Record of the Month
To say I’ve not been looking forward to this one would be a straight-out lie. Kind of like vehemently assuring one’s kid brother that Father Christmas is real or that the tooth fairy isn’t just mum in a tutu. Although Stephen ‘Thundercat’ Bruner has been on the musical/astral map way prior to ‘Cosmogramma’ – thrash band Suicidal Tendencies for one – it was FlyLo’s last that put him on my radar. His contribution on that aided FlyLo in as much as further scratching away those delible lines between jazz and hip-hop. As such, it’s not exactly surprising that ‘The Golden Age of Apocalypse’ verges on being exactly that (for all you genre cats); a jazz album. I’ll limit my name-checking, although it’s hard not to sense such boundary-hopping as comparable to Herbie Hancock bridging the ostensible gap on ‘Future Shock’ – albeit from a hip-hop to jazz tip rather than its converse. Whether this LP actually starts from a hip-hop base remains a moot point. Still, the very essence of conventions being played with makes things immeasurably exciting, and that acid test is passed here again and again.
It starts with the Thundercats cry of ‘HooooooO’ which immediately triggers those long-forgotten, adolescent feelings for Cheetara. That cry itself is a call to action and ‘Daylight’ moves with fervent synth patterns and space-age zeal. Without doubt, someone set phasers to fun. ‘Fleer Ultra’ is an arpeggio-laden piece of sheer improvised madness that plays like an up-tempo, futuristic Weather Report. So far, so instrumental. ‘Is It Love?’ changes all that and comes over as a wistful ballad – soulful, touching, and it even has all the time in the world to give a passing nod to ‘Mmm Hmm’ at its close.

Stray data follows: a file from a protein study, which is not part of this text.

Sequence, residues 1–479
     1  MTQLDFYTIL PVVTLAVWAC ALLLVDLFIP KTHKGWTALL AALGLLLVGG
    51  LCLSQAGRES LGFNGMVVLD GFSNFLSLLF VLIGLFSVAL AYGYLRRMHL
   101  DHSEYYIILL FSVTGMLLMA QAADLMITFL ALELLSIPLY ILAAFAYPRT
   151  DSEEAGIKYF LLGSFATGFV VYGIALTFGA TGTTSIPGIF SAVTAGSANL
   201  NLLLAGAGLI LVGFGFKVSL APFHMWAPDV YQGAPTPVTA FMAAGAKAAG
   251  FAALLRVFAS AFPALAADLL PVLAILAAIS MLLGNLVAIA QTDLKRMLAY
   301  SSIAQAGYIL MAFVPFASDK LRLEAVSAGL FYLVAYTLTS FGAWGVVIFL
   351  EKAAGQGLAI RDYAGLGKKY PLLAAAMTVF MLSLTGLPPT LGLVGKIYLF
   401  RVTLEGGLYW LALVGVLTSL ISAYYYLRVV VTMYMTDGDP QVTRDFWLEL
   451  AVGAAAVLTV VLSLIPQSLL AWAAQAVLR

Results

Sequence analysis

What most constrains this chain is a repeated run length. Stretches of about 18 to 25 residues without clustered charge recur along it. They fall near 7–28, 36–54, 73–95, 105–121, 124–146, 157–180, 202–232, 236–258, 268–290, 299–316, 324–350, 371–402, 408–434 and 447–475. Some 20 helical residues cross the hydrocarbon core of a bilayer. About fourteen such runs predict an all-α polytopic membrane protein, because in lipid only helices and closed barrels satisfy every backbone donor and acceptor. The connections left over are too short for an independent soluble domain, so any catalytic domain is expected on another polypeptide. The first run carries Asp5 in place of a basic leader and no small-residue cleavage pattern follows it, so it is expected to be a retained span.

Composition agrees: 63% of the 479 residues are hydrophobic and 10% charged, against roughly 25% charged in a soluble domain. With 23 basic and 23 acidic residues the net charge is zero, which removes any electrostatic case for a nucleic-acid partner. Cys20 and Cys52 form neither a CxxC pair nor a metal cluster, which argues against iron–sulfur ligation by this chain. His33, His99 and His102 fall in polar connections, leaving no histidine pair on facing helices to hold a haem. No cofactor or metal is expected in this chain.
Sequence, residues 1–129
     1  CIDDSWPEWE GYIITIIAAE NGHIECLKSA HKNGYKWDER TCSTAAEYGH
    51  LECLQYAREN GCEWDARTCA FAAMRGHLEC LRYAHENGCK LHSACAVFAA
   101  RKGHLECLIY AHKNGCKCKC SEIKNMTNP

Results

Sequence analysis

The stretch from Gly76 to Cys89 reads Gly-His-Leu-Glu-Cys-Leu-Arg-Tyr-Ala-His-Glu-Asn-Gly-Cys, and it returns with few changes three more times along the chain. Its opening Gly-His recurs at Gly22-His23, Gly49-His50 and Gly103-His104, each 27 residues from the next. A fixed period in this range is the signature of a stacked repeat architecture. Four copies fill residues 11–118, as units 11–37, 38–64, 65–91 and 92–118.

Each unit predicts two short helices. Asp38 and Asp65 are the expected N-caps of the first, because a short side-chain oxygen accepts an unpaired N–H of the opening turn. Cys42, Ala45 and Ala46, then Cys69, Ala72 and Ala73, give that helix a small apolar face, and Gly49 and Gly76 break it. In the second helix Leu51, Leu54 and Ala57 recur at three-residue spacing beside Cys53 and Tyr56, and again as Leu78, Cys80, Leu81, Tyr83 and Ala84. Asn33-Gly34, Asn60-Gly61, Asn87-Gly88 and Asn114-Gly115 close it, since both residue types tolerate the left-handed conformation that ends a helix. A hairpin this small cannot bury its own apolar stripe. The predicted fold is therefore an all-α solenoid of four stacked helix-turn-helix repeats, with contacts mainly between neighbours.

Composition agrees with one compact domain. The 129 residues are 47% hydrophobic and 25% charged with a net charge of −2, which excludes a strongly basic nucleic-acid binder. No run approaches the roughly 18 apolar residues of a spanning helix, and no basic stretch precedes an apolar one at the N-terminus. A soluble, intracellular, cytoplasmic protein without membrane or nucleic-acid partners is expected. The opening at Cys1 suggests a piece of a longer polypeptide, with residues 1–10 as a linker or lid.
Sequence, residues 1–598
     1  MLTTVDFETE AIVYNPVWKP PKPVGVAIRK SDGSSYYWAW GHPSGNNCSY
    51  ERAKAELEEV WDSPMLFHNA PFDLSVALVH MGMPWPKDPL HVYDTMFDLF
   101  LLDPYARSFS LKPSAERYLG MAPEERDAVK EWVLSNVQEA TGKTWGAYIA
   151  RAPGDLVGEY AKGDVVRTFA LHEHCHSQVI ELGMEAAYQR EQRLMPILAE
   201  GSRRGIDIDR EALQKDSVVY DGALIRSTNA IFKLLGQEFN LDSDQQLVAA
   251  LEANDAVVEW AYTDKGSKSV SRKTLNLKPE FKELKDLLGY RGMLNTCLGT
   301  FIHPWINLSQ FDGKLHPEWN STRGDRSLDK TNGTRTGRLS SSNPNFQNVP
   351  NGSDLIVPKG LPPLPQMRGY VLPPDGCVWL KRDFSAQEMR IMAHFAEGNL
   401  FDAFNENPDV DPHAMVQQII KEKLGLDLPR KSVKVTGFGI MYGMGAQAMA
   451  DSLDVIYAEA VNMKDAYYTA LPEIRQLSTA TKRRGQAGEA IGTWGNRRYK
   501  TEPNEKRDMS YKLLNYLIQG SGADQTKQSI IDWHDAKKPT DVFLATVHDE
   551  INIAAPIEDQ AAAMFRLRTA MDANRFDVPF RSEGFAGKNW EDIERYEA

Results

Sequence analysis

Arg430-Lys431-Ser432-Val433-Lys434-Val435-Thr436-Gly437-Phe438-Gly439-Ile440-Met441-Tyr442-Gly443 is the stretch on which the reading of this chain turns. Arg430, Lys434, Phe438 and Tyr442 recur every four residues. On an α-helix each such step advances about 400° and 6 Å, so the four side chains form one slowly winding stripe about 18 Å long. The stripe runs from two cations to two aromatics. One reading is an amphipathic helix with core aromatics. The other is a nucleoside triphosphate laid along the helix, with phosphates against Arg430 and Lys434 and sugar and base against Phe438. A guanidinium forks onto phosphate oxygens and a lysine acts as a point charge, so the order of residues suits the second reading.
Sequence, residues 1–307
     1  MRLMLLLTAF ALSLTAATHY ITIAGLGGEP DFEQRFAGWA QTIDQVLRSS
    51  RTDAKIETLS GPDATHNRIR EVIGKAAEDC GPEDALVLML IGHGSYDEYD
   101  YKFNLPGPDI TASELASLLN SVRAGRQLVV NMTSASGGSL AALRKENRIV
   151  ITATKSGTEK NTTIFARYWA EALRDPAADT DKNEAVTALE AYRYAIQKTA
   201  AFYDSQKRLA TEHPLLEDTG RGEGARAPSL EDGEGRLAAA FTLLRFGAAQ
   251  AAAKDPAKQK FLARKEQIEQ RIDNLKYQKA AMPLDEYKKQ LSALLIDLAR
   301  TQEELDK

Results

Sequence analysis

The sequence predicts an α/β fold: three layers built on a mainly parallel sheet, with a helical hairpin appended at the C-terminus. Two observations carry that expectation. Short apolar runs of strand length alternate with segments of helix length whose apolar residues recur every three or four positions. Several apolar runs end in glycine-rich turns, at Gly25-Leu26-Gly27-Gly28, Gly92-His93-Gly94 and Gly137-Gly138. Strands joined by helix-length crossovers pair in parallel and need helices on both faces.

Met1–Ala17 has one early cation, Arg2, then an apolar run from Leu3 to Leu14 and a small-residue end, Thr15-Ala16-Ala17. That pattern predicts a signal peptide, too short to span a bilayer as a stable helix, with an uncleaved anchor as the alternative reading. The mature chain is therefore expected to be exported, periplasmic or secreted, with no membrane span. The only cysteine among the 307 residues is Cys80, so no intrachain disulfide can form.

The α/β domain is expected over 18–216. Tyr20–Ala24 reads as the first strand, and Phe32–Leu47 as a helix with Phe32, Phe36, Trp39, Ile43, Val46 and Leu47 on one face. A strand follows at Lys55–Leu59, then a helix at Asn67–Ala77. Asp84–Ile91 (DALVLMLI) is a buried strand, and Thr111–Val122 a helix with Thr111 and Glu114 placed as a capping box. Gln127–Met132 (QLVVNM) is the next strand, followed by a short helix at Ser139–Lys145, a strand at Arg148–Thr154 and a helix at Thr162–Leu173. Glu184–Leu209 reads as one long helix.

‘For Love I Come’ is a fantastically well-realised cover of George Duke’s ‘For Love (I Come Your Friend)’ – the intro for which is even used on the album’s opener – and exposes FlyLo’s otherworldly production work. OK, so ‘It Really Doesn’t Matter to You’ unnecessarily fills time (with a jam, as it happens) before ‘Jamboree’ goes all crazily Mr Oizo-esque with flits of hyperactivity. But, in many ways, the tracks that follow reflect that ‘Golden Age’ of the title; the phased drumming of ‘Boat Cruise’ moves effortlessly and, likewise, ‘Seasons’ is another carefully crafted, beautiful abstraction.
Elsewhere, the funky strut of ‘Walkin” remains a firm favourite and combines soulful crooning vocals with a filmic score rising warmly in the background. Ebullient ‘la-la-la-la’ harmony? Check. And, if ever the eponymous ‘Apocalypse’ does threaten to appear, it’s on the ominous ‘Mystery Machine (The Golden Age of Apocalypse)’ with its portentous Allan Poe clock rings. One trippy encounter via psychedelic closer, ‘Return to the Journey,’ and we reach the end of ours.
Given my earlier genre ruminations, it’s easy to lose track of what’s really important. Does it sound good? No. It sounds great. In short, it’s soulful, impassioned and experimental while seldom erring on the side of ostentation. A debut to savour then, although it seems I’m not the only one fibbing. The Four Horsemen won’t be visiting this Golden Age anytime soon.
Words: Ben Nicholas
‘The Golden Age of Apocalypse’ is out August 29th on Brainfeeder. Click here to download a mix of old, new and rare Thundercat material from Brainfeeder boss Flying Lotus.